April 19, 2019
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High school coach with 557 victories earns Maine Basketball Hall of Fame nod

Linda Coan O’Kresik | BDN
Linda Coan O’Kresik | BDN
John Donato is one of the 16 inductees to the 2019 Maine Basketball Hall of Fame on Wednesday morning at the Cross Insurance Center.

John Donato’s relationship with Maine high school basketball dates back to his own interscholastic upbringing in Middleborough, Massachusetts, back in the 1960s.

“I remember going to the [Boston] Garden and watching Stearns and Morse playing,” he recalled, hearkening back to the 1963 New England tournament when Stearns of Millinocket defeated Morse of Bath to win that regional crown after Morse had outlasted Stearns in double overtime in that year’s Maine Class LL state final.

Fifty-six years later, both Donato and the two teams he watched battle in that 1963 New England final are set for induction into the Maine Basketball Hall of Fame.

“When you start coaching way back, you don’t realize that you might put yourself in this situation,” said Donato, who was on hand at the Cross Insurance Center on Wednesday as this year’s list of inductees was revealed. “It’s quite an honor. A lot of bus trips, a lot of mileage, but I’ve had some great players and I’m honored to represent them as a coach.”

[Reed, Carter, Good, Simonds among Maine Basketball Hall of Fame inductees]

Donato is one of 16 inductees who comprise the sixth class since the MBHOF was created in 2014. He’ll be joined by a variety of players and coaches whose careers are synonymous with memorable moments and eras in Maine basketball history.

This year’s class, which will be inducted during an Aug. 18 banquet at the Cross Center, also includes Jim Beattie, Jeff Bowers, Stephanie Carter-Thompson, John Conley, Matt Gaudet, Max Good, Gail Jackson, Doug Lisherness, Becky Moholland Ireland, Mark Reed, Scott Saft, Rick Simonds, Derek Vogel, Mari Warner and Linda Whitney.

Eight “Legends of the Game” who have impacted the basketball scene on a more local or regional level also will be recognized, with this year’s honorees consisting of Mike Bouchard, Bill Burney, Leigh Campbell, Hank Madore, John “Jeddy’ Newman, Jay Ramsdell, Dick Sturgeon and Al Halliday.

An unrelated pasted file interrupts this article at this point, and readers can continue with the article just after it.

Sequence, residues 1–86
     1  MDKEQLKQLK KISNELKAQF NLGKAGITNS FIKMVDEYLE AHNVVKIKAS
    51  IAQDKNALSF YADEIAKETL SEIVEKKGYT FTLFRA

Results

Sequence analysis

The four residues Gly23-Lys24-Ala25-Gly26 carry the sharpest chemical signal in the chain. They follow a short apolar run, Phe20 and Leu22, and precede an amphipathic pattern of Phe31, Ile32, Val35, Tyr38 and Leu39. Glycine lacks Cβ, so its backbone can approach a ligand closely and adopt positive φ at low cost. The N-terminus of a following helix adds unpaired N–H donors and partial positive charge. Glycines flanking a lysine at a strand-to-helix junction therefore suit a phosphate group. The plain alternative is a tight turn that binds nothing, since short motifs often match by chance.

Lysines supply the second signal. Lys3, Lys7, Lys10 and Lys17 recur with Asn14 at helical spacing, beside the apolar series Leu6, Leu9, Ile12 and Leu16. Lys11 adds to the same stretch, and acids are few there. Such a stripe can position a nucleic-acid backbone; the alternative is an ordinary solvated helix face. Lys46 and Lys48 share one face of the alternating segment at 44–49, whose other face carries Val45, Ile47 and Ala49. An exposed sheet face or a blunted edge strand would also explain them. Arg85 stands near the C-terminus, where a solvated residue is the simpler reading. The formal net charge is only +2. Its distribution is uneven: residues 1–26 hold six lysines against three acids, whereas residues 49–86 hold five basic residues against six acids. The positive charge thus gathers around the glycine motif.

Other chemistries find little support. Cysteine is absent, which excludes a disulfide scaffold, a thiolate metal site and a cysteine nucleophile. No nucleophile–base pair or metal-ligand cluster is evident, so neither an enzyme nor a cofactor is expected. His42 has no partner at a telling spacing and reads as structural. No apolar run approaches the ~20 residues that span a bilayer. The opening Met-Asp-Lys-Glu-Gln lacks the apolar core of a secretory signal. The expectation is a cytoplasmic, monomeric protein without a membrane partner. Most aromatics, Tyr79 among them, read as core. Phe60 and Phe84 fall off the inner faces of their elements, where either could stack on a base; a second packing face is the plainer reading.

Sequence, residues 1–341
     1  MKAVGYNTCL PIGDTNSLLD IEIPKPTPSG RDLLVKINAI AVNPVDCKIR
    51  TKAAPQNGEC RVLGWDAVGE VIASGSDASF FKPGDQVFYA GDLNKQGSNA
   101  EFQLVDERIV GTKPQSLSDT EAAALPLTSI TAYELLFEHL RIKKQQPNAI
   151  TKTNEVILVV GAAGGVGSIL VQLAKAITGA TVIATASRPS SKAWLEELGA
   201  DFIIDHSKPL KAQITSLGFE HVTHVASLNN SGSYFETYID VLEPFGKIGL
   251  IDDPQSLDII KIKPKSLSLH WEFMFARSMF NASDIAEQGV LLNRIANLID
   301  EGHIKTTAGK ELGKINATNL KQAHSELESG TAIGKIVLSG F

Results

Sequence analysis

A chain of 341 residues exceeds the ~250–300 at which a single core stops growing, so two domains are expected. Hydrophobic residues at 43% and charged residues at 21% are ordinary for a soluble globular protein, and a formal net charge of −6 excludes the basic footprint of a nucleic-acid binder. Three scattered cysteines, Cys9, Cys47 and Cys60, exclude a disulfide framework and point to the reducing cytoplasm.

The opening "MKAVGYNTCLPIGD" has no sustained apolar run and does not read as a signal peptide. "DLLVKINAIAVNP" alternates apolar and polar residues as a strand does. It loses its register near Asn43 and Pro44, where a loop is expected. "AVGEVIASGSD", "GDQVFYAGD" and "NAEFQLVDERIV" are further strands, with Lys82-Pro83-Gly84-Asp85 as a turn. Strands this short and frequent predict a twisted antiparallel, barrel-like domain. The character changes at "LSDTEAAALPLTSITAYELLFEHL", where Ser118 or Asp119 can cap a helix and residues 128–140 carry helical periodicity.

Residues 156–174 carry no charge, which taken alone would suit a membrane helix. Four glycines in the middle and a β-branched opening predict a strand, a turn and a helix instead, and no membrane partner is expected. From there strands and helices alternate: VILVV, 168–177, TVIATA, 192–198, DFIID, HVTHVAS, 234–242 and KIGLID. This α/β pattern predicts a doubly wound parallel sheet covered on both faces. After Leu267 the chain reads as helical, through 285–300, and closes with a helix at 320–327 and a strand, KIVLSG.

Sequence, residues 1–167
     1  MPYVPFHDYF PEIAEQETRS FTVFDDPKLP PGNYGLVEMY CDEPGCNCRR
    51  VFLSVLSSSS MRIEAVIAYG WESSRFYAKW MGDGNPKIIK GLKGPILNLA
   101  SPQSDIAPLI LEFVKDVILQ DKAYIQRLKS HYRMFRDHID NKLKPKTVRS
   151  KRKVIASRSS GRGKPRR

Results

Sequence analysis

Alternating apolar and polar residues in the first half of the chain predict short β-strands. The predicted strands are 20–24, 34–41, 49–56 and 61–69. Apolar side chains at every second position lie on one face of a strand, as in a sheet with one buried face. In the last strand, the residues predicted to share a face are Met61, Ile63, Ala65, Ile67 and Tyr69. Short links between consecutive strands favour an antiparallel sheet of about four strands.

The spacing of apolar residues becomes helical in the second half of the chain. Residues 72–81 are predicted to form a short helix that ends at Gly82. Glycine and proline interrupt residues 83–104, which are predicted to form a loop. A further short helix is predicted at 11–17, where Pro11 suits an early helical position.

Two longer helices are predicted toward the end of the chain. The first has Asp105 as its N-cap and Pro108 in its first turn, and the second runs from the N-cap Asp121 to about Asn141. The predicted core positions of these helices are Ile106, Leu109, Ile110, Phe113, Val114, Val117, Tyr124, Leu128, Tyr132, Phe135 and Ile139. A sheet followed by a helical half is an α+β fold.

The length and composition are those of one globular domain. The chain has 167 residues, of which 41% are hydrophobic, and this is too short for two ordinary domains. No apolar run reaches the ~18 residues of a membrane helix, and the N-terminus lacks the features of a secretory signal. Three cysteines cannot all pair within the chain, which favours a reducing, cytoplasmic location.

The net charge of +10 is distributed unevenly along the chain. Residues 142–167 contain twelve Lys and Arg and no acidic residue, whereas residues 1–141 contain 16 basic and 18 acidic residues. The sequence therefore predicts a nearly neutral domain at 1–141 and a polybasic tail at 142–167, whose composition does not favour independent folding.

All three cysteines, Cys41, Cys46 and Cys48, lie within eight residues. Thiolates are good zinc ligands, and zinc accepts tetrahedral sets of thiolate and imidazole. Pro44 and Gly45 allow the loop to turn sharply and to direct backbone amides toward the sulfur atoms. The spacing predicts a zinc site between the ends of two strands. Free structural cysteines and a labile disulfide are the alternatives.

Also nominated by the hall’s 17-person selection committee are the 1963 Stearns and Morse high school basketball teams that fought for both statewide and New England supremacy.

“There’s a screening process and then the committee meets in December at Colby College,” said Tony Hamlin, chair of the hall’s board of directors and head of the selection committee. “There’s about 800 years of basketball knowledge in that room, and the basketball community is so small that we don’t miss too many names.

“It’s an informal, somewhat subjective structured process, if that makes any sense, and so far I think we’ve done a pretty good job of selecting those people who are worthy. There are still names out there that we know we have to attend to and we will over the next two or three years.”

Donato was a three-sport athlete at Middleborough High School and is a three-time inductee into that school’s athletic hall of fame.

He played basketball and baseball at the former Ricker College in Houlton, where he got his start in coaching, first in baseball and not long after that in basketball.

In his 42 years of coaching Maine girls varsity basketball, Donato has compiled a 557-244 record with 11 regional titles and five state championships.

Four of those state titles and nine of those regional crowns came during his 18 years at Houlton High School. Since then he has spent nine years at Messalonskee of Oakland, five years at Mount View of Thorndike, one year at Hall-Dale of Farmingdale, seven years at Lawrence of Fairfield and the last two seasons at Orono High School.

Donato guided Lawrence to the 2015 Class A state championship and a second straight North regional crown in 2016.

“I always wanted to coach,” he said. “I wanted to play basketball and baseball and I wanted to coach.

“I’ve had a lot of great players, and I just like to see the kids grow as individuals. That part of the process is really important to me.”

 



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